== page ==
Farmers misusing antibiotics in cows despite extreme threat to humans

Reuters news agency has completed an investigation showing that an increasing number of farmers are misuing ceftiofur, one of the most potent and often used antibiotics resulting an a 323% increase in use from 2008-2013. The use of antibiotics in meat and other animal-based food products rose 16% by volume from 2009 to 2012, according to the report. The increase came amid mounting concerns over the development of so-called “superbugs,” antibiotic resistant organisms that may be caused by over-exposure to antibiotics.

According Reuters , farmers are administering more than recommended by the FDA, and using it more and more to treat sickly cows. Top scientists warn that this is a direct threat to human health and that the government should intervene.

Ceftiofur is one of the top selling drug lines of Zoetis, the world’s largest animal health company. It belongs to a class of drugs called cephalosporins; considered critically important in human medicine. Ceftriaxone is part of the same class as antibiotics used to treat pneumonia, meningitis and salmonella.The overuse of one type causes the effectiveness of others in the same class to wane as the organisms adapt to it. Ceftiofur, more than any other antibiotic, sharply increases the amount of antibiotic resistant bacteria in an animal, researchers say. The drugs kill off weaker bacteria, allowing the stronger bacteria to survive and multiply.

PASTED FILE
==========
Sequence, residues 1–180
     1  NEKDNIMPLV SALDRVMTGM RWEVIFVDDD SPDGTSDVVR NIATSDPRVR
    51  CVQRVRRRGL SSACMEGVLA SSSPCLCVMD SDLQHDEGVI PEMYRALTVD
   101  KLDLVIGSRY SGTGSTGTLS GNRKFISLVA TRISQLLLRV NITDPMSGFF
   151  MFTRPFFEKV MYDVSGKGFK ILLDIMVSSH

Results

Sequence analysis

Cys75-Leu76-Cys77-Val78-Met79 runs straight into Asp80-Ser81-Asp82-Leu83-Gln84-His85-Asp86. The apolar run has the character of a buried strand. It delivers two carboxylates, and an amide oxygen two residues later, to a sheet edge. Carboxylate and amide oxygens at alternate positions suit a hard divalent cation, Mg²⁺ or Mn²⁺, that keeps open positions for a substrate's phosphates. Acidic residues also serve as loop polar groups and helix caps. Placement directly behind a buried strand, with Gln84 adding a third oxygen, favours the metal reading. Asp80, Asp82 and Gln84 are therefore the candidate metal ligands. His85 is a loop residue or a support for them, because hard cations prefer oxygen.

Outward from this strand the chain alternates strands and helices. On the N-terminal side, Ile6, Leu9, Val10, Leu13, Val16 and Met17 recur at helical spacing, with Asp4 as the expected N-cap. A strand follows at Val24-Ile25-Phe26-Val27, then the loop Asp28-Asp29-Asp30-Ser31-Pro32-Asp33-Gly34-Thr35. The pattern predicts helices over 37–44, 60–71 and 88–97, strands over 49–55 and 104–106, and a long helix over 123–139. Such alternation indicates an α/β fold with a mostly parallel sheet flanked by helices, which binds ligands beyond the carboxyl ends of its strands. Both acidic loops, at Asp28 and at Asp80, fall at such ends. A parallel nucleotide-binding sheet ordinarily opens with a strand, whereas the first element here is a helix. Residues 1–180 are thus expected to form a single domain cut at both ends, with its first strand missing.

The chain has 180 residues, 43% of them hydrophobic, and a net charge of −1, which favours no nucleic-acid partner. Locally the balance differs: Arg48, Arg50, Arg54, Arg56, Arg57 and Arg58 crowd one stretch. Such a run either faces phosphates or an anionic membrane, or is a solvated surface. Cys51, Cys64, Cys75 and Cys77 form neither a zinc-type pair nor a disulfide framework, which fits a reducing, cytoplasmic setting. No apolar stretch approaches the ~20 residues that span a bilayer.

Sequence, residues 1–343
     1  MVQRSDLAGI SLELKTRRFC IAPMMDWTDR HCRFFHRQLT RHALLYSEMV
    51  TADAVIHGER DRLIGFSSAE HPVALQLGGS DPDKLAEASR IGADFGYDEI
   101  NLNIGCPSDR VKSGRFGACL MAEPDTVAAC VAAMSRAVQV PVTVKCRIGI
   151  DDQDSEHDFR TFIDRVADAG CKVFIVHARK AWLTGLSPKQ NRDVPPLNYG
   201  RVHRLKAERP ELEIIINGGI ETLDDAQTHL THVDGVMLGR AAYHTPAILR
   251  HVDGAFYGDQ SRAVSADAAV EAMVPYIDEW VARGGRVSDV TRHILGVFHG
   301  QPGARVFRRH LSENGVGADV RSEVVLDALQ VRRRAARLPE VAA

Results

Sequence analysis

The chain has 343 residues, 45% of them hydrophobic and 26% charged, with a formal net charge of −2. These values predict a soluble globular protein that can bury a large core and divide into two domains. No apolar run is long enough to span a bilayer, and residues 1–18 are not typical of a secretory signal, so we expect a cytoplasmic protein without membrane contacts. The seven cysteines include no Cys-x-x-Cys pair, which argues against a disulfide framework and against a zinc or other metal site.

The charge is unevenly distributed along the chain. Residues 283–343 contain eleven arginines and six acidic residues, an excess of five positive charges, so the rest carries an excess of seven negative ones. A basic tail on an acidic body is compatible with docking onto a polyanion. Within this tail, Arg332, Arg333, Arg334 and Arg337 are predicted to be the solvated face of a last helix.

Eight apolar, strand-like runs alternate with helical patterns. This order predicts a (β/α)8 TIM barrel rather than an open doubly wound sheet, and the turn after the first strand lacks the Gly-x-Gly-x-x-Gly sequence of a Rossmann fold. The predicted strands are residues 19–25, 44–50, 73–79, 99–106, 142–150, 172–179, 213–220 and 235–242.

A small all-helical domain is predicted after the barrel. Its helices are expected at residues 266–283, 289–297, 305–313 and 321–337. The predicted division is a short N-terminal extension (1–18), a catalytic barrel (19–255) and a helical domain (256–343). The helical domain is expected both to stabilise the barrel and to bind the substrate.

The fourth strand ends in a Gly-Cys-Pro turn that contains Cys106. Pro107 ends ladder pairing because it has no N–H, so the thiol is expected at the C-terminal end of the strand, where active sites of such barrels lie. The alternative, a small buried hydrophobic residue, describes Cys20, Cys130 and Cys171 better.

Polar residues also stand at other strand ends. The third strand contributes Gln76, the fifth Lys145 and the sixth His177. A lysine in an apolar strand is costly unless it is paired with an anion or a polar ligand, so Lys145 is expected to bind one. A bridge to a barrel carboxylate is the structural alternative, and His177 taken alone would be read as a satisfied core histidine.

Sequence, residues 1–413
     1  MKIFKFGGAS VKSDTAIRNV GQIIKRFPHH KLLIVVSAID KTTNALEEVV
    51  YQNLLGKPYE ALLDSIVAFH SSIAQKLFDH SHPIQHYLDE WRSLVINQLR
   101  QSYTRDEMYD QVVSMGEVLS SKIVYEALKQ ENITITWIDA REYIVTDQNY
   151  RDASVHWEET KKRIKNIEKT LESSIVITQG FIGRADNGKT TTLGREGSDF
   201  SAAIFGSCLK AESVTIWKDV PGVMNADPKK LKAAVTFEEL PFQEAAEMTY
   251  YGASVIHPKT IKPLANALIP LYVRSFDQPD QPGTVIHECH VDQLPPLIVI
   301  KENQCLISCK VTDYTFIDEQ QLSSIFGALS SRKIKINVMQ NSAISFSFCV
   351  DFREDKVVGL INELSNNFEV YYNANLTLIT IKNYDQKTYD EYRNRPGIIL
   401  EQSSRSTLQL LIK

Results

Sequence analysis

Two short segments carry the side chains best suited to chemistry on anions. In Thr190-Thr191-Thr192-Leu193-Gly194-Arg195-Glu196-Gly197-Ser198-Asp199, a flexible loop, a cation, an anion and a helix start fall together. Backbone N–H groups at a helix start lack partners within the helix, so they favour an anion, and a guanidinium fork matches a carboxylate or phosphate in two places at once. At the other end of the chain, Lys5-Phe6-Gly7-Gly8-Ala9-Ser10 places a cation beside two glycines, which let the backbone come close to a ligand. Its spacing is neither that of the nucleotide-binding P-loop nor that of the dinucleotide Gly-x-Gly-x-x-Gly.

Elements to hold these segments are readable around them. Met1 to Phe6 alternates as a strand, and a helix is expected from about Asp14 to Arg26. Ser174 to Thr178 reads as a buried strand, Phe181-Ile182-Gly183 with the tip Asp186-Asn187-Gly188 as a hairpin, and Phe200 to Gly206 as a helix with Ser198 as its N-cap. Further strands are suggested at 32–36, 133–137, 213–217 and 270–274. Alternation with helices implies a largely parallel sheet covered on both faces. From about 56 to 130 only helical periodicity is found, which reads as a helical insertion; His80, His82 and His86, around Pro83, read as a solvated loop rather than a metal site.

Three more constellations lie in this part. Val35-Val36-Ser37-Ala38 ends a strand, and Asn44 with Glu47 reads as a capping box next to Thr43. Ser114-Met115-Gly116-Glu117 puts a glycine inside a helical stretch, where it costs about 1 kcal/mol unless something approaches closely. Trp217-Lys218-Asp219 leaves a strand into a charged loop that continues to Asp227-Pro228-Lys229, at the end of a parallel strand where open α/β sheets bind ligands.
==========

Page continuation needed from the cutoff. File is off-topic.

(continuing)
In 2012, the FDA stated that ceftiofur poses a “high public health risk.”

U.S. Department of Agriculture (USDA) records and revealed traces of the drug were found at illegal levels in slaughtered animals more frequently than with any other drug. It accounted for one-fourth of all violations logged by the USDA in 2013.

The drug is Zoetis’ top selling line, offering more than $300 million in sales each year since 2011.

Jeffrey Newman represents whistleblowers